Effective May 30, 2012, a clinical investigator deemed ineligible to receive one type of test article (e.g., drug, device or new animal drug) due to repeated or deliberate violations of the U.S. Food and Drug Administration’s (FDA) clinical research regulations will now be ineligible to conduct a clinical research investigation that supports an application for a research or marketing permit for other kinds of products regulated by the FDA. In this newsletter, we provide a brief summary of the final rule that implements this change, the FDA’s discussion of the evidentiary criteria it applies and the collateral effect of disqualification, and we describe some of the implications.
To disqualify a clinical investigator, the U.S. Food and Drug Administration (FDA) Commissioner must determine, through an administrative proceeding, that the investigator “repeatedly or deliberately” failed to comply with the FDA’s clinical trial regulations or submitted false information to the FDA or the sponsor in a required report. Currently, investigators that have been disqualified from conducting clinical investigations with respect to one type of test article (e.g., human drugs) remain eligible to conduct clinical investigations with other types of test articles (e.g., devices, biologics, animal drugs).
Effective May 30, 2012, however, a clinical investigator that is disqualified from conducting clinical investigations under Part 312 (Investigational New Drugs, or INDs), Part 511 (New Animal Drugs for Investigational Use) or Part 812 (Investigational Device Exemptions, or IDEs) will be ineligible to conduct a clinical investigation that supports an application for a research or marketing permit for “products regulated by FDA, including drugs, biologics, devices, new animal drugs, foods, including dietary supplements, that bear a nutrient content claim or a health claim, infant formulas, food and color additives, and tobacco products,” regardless of whether or not the violations occurred in investigations with just one type of product. This significant expansion to the scope of clinical investigator disqualification is intended to “protect the rights and safety of subjects involved in FDA-regulated investigations, and to ensure the reliability and integrity of the data used to support marketing of products regulated by the FDA.”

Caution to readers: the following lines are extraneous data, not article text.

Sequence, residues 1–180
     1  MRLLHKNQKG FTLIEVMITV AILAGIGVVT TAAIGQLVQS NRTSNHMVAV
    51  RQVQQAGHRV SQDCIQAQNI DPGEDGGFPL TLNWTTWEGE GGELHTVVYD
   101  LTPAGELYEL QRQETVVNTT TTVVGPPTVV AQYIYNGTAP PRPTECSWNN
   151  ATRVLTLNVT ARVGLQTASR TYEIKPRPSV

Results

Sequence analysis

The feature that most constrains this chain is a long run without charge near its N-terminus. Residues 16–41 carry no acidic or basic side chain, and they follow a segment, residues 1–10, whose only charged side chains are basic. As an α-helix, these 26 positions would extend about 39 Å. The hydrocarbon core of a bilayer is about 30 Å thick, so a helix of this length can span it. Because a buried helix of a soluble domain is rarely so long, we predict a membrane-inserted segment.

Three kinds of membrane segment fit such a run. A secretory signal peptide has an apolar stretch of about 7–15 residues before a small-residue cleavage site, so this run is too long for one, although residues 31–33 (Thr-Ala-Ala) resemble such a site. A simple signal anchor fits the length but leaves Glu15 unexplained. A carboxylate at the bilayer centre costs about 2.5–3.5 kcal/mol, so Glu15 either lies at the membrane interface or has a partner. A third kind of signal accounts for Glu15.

While the expansion of the scope of a disqualification had been under consideration by the FDA for many years, the FDA’s responses to comments on the proposed rule provided by stakeholders includes highly valuable and rarely viewed information on the criteria and evidentiary thresholds used by the FDA in its disqualification proceedings. Because of the effect a disqualification has on the investigator and on clinical trial data, this information is significant to all participants in the clinical trial process.
Thus, in the final rule the FDA provides important information on several aspects related to clinical investigator disqualifications, including:
- Definition of the term “repeatedly.” According to the FDA, a violation occurs “repeatedly” if it happens more than once (i.e., more than once in a single study or one time in each of two studies). For example, the FDA suggests that even enrolling two subjects who were ineligible due to concomitant illnesses in a single study could lead the FDA to institute disqualification proceedings.